One option to consider is just using rspec and NOT using Cucumber.
This is obviously a fairly drastic step so let me give more detail and how to address your specific issues, as just "don't use it" isn't a very helpful or practical answer.
Some organizations use rspec, some use cucumber and some use both. I have observed several organization adopt Cucumber, only to abandon it within a year and just use rspec.
I have seen this happen for two principles reasons:
1) Cucumber takes maintenance. Just as with all software and testing. I have seen companies struggle to maintain their testing suites when they include cucumber. As the tests grow the amount of maintenance overhead also grows and becomes increasingly burdensome and slows down development.
2) Cucumber takes discipline. The idea is to involve business analysts (or at least business analysis) in describing the companies procedures. The problem here is that this still needs to be done using a disciplined programmatic approach that may not be clear to a non-programmer or someone not used to organizing the definition of functionality is this manner. When you need to start explaining concepts like DRY to them this shows the problem. Yes DRY isn't that hard - but it's part of the programming world. Next you'll be talking about dependency inversion - how it's simple, just parameters, and so it goes on.
My approach is to try and use the best of both.
I tend to use rspec and not use cucumber, however I use the following approach which lends itself heavily to Cucumber:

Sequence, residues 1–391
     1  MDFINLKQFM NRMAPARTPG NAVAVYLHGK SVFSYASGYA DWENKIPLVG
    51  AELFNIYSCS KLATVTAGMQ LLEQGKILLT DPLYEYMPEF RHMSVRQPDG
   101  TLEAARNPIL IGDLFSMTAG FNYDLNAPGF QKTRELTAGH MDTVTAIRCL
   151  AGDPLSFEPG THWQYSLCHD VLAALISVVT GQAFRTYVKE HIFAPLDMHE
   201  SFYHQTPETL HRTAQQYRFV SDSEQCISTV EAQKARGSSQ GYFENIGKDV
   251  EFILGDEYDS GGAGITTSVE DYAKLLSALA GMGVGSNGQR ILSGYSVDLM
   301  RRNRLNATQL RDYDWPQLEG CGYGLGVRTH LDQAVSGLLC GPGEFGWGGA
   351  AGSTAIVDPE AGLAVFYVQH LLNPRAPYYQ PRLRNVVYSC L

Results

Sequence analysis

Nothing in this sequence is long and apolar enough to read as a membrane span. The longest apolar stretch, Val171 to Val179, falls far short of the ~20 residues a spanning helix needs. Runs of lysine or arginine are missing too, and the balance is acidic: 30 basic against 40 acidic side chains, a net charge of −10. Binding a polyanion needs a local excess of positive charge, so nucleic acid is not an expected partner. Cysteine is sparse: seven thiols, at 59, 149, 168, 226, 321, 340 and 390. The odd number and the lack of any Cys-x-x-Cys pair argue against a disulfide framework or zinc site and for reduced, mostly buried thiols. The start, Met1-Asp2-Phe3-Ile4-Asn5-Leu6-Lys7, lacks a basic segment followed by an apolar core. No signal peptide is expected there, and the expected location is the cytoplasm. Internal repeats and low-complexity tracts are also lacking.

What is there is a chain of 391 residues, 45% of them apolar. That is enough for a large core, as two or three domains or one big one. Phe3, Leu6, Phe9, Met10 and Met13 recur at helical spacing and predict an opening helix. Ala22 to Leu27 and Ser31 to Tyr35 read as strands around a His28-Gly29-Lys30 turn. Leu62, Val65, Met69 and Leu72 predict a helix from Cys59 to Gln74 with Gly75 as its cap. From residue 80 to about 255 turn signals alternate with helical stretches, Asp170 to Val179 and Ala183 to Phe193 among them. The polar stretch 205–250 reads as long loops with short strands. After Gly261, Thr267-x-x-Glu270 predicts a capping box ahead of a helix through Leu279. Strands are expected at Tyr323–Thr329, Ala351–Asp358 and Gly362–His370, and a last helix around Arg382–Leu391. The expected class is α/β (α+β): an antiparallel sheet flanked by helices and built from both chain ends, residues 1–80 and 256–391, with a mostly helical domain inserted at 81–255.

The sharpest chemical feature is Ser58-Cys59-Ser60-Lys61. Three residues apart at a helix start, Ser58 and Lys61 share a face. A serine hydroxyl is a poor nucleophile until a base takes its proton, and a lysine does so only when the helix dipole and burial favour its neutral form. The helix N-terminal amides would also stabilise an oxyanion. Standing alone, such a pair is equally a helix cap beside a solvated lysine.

- Feature are written with Given, When, Then in mind, not the actual words but the meaning
- The above Given, When, Then sections[*1] are separated by a blank line
- One assertion per test[*2]
- Use rspecs
before :each and nested levels of tests to run shared setup for multiple tests
[*1] This is the Gherkin syntax.
[*2] This rule is intentionally broken for feature specs due to the slowness of using real browsers. Chrome headless (version 59) may change this.
Example for the login you mentioned:
describe "a set of tests" do
before :each do
it "test1" do
it test2" do
One final note: Even without this, I assume that you have created methods such as '
login_to_app' that at least DRYs up the login part so that you just call
login_to_app in all tests that require it, rather than duplicating the actual login steps themselves in each test.
My final comment is that in terms of being able to figure out which tests need which setup steps, there is no easy solution or tools to help with this currently. I feel this is mostly because this requires human knowledge and expertise to determine what tests need what setup and how best to organize tests, nested tests, shared setup, etc.